Hurricane Michael, which ripped through the Southeast, leaving a trail of death and destruction from Florida to Virginia, finally moved off the coast, over the Atlantic Ocean overnight.

Michael made landfall in the Florida Panhandle on Wednesday as a Category 4 hurricane – the strongest on record to hit the area – wreaking havoc and causing emergencies. In the storm’s wake lay crushed and flooded buildings, shattered lives and at least 11 deaths, a number that officials worry could rise.

The Virginia Department of Emergency Management tweeted “Virginia storm updates as of 7 a.m today. 5 confirmed Michael-related fatalities. 520,000 without power. 1,200 closed roads. 5 suspected tornadoes.”

Authorities in Florida, Georgia and North Carolina had previously linked at least six deaths to the storm, a toll officials have worried will continue to rise as search-and-rescue efforts continue.

In Florida, the Gadsden County Sheriff’s Office reported four deaths related to the storm. A spokeswoman said that one man was killed when a tree crashed through the roof of his home in Greensboro. The sheriff’s office said that it also had three other “storm-related fatalities following Hurricane Michael,” although it did not immediately release further information about what happened beyond saying that all four deaths were “in relation to or occurred during the storm.”

Gadsden, a county in northwest Florida not far from Tallahassee, took a direct shot from Michael as it churned northward on Wednesday.

In North Carolina, a 38-year-old man was killed Thursday afternoon shortly before 1 p.m. in Iredell County, north of Charlotte, when a tree fell on the vehicle he was driving, according to David Souther, the county’s fire marshal.

And in Georgia, officials in Seminole County, on the Florida border, said early Thursday that an 11-year-old girl in a mobile home was killed by a metal carport that was thrown in the air by Michael’s gusting winds.

William “Brock” Long, the FEMA administrator, said Thursday that “search and rescue is where we are hyper-focused this morning.” He warned that the death toll may go up, saying in an appearance on CNN that “those numbers could climb as search-and-rescue teams get out.”

Of the power outages, “You fix the power, you solve a lot of problems,” FEMA Administrator William “Brock” Long said Thursday, of the post-Michael recovery and cleanup efforts.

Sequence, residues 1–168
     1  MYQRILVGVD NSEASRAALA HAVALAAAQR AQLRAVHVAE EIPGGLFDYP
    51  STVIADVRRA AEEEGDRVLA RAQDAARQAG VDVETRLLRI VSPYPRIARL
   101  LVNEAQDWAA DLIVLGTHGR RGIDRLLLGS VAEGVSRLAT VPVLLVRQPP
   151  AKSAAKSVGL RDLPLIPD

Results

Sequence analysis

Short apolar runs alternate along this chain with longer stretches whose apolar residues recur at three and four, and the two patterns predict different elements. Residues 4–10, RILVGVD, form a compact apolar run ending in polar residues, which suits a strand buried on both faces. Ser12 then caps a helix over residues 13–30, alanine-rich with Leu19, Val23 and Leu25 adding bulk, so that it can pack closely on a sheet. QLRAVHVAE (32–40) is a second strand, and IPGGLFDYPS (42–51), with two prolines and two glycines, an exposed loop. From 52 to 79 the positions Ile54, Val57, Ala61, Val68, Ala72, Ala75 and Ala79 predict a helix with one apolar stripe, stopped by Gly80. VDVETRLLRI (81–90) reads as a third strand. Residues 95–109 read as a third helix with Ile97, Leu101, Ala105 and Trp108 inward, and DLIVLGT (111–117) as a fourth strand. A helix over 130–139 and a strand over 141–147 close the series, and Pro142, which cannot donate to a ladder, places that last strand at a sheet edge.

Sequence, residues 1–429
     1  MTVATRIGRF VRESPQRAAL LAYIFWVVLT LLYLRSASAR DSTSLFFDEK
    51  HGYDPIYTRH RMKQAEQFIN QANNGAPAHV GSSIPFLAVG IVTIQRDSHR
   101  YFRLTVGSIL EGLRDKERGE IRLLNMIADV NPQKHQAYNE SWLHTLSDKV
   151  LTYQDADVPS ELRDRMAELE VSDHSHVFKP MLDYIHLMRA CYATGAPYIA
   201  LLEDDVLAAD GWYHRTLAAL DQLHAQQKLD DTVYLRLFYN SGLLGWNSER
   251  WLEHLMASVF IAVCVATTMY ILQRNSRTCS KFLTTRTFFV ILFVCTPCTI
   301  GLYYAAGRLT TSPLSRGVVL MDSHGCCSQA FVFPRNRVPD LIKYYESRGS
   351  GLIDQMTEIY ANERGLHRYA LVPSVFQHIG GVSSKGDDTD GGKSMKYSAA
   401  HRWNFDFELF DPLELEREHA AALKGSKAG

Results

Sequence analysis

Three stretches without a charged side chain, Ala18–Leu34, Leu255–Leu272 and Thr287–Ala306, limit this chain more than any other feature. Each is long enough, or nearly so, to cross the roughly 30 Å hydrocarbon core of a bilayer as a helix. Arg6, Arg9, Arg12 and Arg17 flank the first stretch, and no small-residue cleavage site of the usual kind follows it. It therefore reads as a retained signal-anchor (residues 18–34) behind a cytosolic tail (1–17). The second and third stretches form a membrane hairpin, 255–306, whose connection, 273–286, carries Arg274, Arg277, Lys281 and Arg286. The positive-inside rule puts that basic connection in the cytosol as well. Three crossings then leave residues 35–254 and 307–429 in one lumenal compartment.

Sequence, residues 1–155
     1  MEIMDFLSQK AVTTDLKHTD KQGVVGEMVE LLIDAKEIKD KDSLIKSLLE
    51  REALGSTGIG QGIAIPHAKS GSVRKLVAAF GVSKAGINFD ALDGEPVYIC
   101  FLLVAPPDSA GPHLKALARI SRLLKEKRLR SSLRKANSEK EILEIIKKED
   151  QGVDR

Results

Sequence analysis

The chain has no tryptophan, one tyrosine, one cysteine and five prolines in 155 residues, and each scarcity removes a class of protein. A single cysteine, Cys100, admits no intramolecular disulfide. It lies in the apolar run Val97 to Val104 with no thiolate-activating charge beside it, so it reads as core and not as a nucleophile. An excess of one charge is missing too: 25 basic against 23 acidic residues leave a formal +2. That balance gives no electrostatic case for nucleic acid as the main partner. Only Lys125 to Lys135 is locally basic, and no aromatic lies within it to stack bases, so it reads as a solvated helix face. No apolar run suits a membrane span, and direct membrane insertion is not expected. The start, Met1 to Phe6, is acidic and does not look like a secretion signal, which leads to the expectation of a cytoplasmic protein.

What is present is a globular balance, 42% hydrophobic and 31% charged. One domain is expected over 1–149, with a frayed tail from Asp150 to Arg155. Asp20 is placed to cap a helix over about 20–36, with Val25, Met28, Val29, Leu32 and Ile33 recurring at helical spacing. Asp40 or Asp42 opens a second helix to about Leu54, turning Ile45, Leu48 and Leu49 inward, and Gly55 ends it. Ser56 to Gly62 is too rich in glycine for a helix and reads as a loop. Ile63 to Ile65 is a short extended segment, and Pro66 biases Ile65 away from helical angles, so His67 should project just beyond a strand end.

Nearly 1.5 million people throughout the Southeast woke up without power Friday, including more than a half-million in Virginia – mostly in the Richmond and Hampton Roads areas, according to Dominion Energy. There are about 425,000 outages in North Carolina, according to a Duke Energy spokeswoman. The Florida State Emergency Response Team reported more than 350,000 outages.

The National Hurricane Center’s first public advisory arrived with little notice on Oct. 6, a Saturday. Michael wasn’t even a named storm then; it was simply “Potential Tropical Cyclone Fourteen,” and the center noted that it was “getting better organized over the northwestern Caribbean Sea.”

By the following day, the storm had its name – and by Monday, the center was sounding the alarm about Michael’s potential impacts on the United States.

Landfall came quickly – on Wednesday, along Florida’s “Forgotten Coast” – and Michael was as bad as advertised, delivering a devastating blow before heading north.

Early Friday, in “Post-Tropical Cyclone Michael Advisory Number 23,” the National Hurricane Center wrote that Michael had moved away from the United States, and that “all coastal tropical cyclone warnings and watches are discontinued.”

There may be lingering effects, though, the center wrote: “Gale winds may continue for a few more hours over portions of southeastern Virginia, the southern Chesapeake Bay, and the Delmarva Peninsula.”

And: “Michael is expected to produce 1 to 3 inches of rain from New Jersey to Long Island to Cape Cod, and 3 to 5 inches over Nantucket and Martha’s Vineyard through this afternoon.”

And: “This rainfall could lead to flash flooding. Elsewhere, flooding and flash flooding may continue where Michael produced heavy rain very recently in the Carolinas and Mid-Atlantic states.”

It is gone and done, the center noted, adding: “This is the last public advisory issued by the National Hurricane Center on this system.”

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